• Open Access

Trade-off in the effects of the apolipoprotein E polymorphism on the ages at onset of CVD and cancer influences human lifespan


Alexander M. Kulminski, Center for Population Health and Aging, Duke University, Trent Hall, Room 002, Box 90408, Durham, NC 27708, USA. Tel.: 919 684 4962; fax: 919 684 3861; e-mail:alexander.kulminski@duke.edu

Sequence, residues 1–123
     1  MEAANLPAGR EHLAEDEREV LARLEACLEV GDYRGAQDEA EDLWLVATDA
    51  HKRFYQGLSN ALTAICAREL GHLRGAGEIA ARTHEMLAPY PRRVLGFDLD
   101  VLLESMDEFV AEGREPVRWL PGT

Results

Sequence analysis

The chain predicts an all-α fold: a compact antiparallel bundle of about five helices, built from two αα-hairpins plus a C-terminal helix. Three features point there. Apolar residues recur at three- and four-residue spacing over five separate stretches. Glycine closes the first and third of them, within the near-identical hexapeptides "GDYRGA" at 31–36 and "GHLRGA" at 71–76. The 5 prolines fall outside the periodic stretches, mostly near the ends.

Progress in unraveling the genetic origins of healthy aging is tempered, in part, by a lack of replication of effects, which is often considered a signature of false-positive findings. We convincingly demonstrate that the lack of genetic effects on an aging-related trait can be because of trade-offs in the gene action. We focus on the well-studied apolipoprotein E (APOE) e2/3/4 polymorphism and on lifespan and ages at onset of cardiovascular diseases (CVD) and cancer, using data on 3924 participants of the Framingham Heart Study Offspring cohort. Kaplan–Meier estimates show that the e4 allele carriers live shorter lives than the non-e4 allele carriers (log rank = 0.016). The adverse effect was attributed to the poor survival of the e4 homozygotes, whereas the effect of the common e3/4 genotype was insignificant. The e3/4 genotype, however, was antagonistically associated with onsets of those diseases predisposing to an earlier onset of CVD and a later onset of cancer compared to the non-e4 allele genotypes. This trade-off explains the lack of a significant effect of the e3/4 genotype on survival; adjustment for it in the Cox regression model makes the detrimental effect of the e4 allele highly significant (P = 0.002). This trade-off is likely caused by the lipid-metabolism-related (for CVD) and nonrelated (for cancer) mechanisms. An evolutionary rationale suggests that genetic trade-offs should not be an exception in studies of aging-related traits. Deeper insights into biological mechanisms mediating gene action are critical for understanding the genetic regulation of a healthy lifespan and for personalizing medical care.